Was there a moment in the book that particularly moved you?
His recounting of the actual sacking of Washington during the war was incredible. Because of how awful the system of slavery was, I found myself almost rooting for the Brits and their ex-slave allies.
6 of 6 people found this review helpful
Would you listen to The Internal Enemy again? Why?
Alan Taylor's study of slavery in Virginia during the years of the War of 1812 offers new insights for historians, and a fascinating story for those interested in slavery or the antebellum South. <br/>
5 of 5 people found this review helpful
Certainly worthy of its Pulitzer Prize, at least to someone who has lived in Richmond for the past 35+ years. The period of 1792 to 1832 reveals some of the Founders in a dreary light. The determination of enslaved people to escape Tidewater Virginia is inspiring and certainly not what I was taught about the War of 1812.
I only gave Bronson Pinchot 4 stars, despite his beautiful reading voice, due to the number of incorrectly pronounced names and places. A few of the more frequent mispronunciations: ca-BELL instead of CAB-ull, HEN-ri-co instead of hen-RYE-co, Wythe should rhyme with Smith, and many others. But this is my constant gripe about many readers. Given all the time that goes into these readings, I do not understand why the editors do not do a bit of research on local pronunciations. Then again, if you have not spent time in Virginia, it probably won't bother you.
8 of 9 people found this review helpful
I have read/listen to many books about this era, but the author's thorough analysis of slavery in Virginia clearly described how Virginians became trapped into supporting slavery. Most historians skim past discussion of the U.S. Presidents from Virginia slave owning. All thought they treated their slaves liked them, but all had slaves who ran away. A marvelous book.
2 of 2 people found this review helpful
I rather enjoyed the very detailed accounts of this piece of American history. I found myself rooting for the British for most of the book, and understand how the US eventually ended up in a civil war.
1 of 1 people found this review helpful
The Internal Enemy: Slavery and War in Virginia, 1772-1832 by Alan Taylor is an excellent discussion of the culture of slavery between the American Revolution and the Missouri Compromise. Taylor is one of the history scholars who can time travel the reader to the time he is describing. I came away knowing what a slave's life was like on a day by day basis. I discovered that the British did more for slaves in that time than any absolutionist, evangelical Christian group, or "Inalienable Rights" advocate ever did. The elaborate rationalizations that otherwise moral, fair, and humane used to justify America's original sin of slavery fascinated me at the same time they repulsed me. Finally, I learned that an honest southerner cannot take any pride in his or her unique heritage.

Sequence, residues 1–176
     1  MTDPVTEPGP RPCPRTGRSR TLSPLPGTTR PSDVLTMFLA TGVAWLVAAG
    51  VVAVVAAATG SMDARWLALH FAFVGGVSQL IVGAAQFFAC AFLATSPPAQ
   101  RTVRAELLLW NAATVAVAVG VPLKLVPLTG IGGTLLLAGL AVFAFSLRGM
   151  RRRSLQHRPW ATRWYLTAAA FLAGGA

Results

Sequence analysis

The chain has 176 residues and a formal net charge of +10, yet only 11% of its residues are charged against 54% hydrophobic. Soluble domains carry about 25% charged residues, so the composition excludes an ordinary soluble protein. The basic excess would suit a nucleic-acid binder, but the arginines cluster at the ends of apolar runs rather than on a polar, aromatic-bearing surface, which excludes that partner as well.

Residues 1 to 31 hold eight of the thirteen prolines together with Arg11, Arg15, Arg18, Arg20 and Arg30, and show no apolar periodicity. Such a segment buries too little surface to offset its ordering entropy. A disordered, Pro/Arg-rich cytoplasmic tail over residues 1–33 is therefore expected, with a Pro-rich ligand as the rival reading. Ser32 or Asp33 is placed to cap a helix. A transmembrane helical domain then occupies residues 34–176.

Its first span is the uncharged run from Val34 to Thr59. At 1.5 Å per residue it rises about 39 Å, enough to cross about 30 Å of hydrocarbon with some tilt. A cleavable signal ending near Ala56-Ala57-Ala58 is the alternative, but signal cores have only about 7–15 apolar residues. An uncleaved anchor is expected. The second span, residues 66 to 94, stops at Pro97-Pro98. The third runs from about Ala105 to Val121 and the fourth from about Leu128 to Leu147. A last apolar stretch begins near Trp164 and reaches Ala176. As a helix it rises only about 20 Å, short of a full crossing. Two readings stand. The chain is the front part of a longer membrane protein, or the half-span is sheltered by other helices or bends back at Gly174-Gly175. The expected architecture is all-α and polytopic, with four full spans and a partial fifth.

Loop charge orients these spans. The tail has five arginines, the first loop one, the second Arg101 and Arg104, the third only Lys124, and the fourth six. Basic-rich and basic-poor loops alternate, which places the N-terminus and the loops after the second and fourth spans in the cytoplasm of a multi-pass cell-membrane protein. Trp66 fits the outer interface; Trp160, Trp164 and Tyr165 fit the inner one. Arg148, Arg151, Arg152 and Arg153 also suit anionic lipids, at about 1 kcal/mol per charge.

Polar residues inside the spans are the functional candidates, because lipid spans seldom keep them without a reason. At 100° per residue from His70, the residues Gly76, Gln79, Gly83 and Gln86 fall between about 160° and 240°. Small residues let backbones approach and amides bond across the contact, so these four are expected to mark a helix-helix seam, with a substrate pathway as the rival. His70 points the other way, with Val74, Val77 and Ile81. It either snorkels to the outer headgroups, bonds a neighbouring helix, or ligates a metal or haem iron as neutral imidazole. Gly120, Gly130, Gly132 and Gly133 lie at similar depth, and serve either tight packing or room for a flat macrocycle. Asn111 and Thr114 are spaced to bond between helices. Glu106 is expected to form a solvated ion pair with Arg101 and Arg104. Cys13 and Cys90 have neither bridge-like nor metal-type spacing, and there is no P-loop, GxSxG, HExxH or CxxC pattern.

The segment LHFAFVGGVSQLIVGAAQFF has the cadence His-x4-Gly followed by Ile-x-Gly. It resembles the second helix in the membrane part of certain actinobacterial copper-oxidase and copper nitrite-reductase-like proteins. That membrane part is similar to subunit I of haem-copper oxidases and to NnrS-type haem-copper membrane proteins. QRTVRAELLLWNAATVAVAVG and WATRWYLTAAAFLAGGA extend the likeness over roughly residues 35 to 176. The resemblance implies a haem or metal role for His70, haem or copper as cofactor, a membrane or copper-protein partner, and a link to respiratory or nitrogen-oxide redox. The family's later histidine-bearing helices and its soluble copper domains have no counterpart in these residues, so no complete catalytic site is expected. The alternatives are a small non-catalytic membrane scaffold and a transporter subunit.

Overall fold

1 of 1 people found this review helpful
The Internal Enemy: Slavery and War in Virginia 1772-1832 (2013) by Alan Taylor focuses on "the social complexities of slavery" during the War of 1812 in Virginia, setting its historical narrative in a larger context ranging throughout the USA and British empire and from just before the American Revolution to Nat Turner's 1831 uprising. Taylor quotes many letters, diaries, and "war related or war generated documents" to bring to life the personalities involved: slaves, slave owners, officers, politicians, merchants, etc. One of the strong points of the book is how Taylor captures the different views of the British and Americans regarding slavery and America and the British Empire and so on. And his depiction of the lives, plights, hopes, hearts, and deeds of slaves is uplifting, harrowing, and moving.
Without being familiar with the field, I suspect that most histories of the war of 1812 do not pay so much attention to slaves running away to freedom with the British or remaining in slavery with the Americans, becoming in the minds of white Virginians savages bent on vengeful pillage, arson, rapine, and murder, whether as bogeymen British colonial marines or internal enemy vipers in the paternal plantation bosom. Despite being American, I found myself rooting for the British to win the war and cause and or force an end to slavery back then, even at the cost of dissolving the union.